The Battle of Alexandria 1801
On the 13th March 1801, the British under General Sir Ralph Abercromby advanced towards Alexandria in Egypt. The French bombarded the British from the fortified city. The British troops withdrew out of range and prepared defences with cannon s landed from the ships and dragged across the sand by sailors.
'From the 13th
to the 20th March, we remained quiet, except a little skirmishing
with piquets and a few volunteers from our regiment, when the
enemy advanced too close. The nights being very cold, and having
no cover, we dug holes in the rear of our line, each capable of
containing six men, in which we slept; on the 20th we received
our tents.... We never had stripped, or slept without
accoutrements from the time of landing, and had been under arms
an hour before day-light every morning.'
('The Narrative of a soldier' by Sergeant Joseph Coates, 28th Foot. Published 1836).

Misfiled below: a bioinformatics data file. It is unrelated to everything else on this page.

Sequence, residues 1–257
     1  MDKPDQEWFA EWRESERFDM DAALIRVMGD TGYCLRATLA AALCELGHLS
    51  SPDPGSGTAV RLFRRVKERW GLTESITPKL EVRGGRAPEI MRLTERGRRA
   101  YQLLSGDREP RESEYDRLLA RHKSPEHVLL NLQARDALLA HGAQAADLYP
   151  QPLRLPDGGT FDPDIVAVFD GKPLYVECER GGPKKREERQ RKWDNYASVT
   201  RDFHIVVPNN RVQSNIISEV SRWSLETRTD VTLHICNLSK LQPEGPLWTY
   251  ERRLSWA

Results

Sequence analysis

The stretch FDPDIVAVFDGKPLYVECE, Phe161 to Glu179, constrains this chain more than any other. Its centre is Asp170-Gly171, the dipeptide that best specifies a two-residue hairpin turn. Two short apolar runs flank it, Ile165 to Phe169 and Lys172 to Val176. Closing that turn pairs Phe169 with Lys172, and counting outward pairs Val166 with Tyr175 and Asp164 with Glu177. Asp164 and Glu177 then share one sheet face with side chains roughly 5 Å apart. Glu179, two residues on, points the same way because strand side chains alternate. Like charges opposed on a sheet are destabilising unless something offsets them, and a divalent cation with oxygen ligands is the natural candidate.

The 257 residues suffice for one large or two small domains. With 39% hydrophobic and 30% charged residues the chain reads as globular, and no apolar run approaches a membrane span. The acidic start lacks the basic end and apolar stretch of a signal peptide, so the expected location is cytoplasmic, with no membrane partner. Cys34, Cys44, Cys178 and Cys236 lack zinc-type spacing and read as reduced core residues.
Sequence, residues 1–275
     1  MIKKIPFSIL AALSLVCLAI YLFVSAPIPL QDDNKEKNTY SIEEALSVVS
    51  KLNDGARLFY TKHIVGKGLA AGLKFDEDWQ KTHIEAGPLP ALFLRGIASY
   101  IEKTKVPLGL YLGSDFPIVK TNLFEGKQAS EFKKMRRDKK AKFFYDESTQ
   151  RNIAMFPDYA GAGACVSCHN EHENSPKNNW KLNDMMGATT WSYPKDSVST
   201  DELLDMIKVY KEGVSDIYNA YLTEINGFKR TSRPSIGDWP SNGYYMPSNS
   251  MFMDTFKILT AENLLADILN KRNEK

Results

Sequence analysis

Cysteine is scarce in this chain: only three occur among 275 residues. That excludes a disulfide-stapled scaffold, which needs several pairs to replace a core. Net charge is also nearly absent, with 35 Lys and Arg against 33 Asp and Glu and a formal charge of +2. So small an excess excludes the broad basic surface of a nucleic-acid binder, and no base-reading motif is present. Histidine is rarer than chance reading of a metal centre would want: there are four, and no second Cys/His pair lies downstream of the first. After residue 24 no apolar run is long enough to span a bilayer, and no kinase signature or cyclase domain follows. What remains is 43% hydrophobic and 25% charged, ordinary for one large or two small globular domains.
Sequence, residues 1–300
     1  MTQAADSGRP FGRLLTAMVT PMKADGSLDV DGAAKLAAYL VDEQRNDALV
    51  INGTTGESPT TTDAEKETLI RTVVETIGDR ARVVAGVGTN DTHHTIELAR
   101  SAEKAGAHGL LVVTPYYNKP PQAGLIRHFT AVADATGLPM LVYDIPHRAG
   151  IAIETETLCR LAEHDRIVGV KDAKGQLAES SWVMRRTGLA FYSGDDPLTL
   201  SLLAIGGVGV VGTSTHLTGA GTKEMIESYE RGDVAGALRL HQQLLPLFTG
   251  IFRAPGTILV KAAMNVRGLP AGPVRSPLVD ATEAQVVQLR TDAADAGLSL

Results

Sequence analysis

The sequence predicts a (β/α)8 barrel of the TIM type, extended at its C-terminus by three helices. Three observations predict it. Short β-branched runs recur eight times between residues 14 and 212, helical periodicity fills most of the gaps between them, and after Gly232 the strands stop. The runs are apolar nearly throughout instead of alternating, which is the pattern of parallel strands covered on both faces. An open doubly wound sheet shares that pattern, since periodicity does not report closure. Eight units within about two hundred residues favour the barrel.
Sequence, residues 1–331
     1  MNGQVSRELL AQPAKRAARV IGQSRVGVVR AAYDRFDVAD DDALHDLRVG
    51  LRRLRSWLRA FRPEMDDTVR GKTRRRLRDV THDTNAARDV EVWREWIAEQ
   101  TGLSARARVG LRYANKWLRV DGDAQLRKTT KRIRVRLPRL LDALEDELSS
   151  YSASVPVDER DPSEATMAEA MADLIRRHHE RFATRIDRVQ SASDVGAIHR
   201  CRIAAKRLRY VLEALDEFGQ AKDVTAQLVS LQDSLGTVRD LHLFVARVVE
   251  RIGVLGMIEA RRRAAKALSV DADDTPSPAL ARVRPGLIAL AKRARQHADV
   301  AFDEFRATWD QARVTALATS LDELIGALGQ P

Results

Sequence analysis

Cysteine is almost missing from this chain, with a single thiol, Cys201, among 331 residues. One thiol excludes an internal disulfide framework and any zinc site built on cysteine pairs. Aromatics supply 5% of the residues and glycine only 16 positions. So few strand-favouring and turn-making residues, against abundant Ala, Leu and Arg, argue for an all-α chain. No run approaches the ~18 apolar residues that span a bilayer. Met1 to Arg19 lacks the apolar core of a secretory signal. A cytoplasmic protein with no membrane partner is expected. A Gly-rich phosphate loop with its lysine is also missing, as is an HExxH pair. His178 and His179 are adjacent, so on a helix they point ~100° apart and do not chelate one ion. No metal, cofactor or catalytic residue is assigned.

On the right of the British positions, the 28th Foot were stationed in an unfinished redoubt that was open at the rear. Further back were some Roman ruins manned by the 58th Regiment. Stationed behind these were the 23rd, 40th, and 42nd Regiments along with the Corsican Rangers.
On 21st March the French advanced. Two columns of French infantry advanced on the redoubt. The 28th fired several vollies into the first column, which then fell back. Then both columns moved forward and swarmed around the sides of the redoubt. Colonel Edward Paget (commanding 28th Foot) was severely wounded in the neck and had to hand command to Lieutenant-Colonel William Chambers. The 42nd Highlanders moved forward to stop the French getting in behind the redoubt and after heavy fighting repulsed the French. General John Moore was shot in the leg. But the Highlanders chased after the French and went too far. The French cavalry charged and the Highlanders were forced to fall back. The French launched more cavalry who finally broke through the 42nd Highlanders and then wheeled around behind the 28th Foot.
Seeing the threat, Lieutenant-Colonel Chambers* gave the order '28th Rear Rank; Right-About-Face!' The rear rank turned and standing back to back with the front rank, fired at the French cavalry. Sergeant Joseph Coates was sent with his Company to help the 42nd Foot who were in danger of being overwhelmed: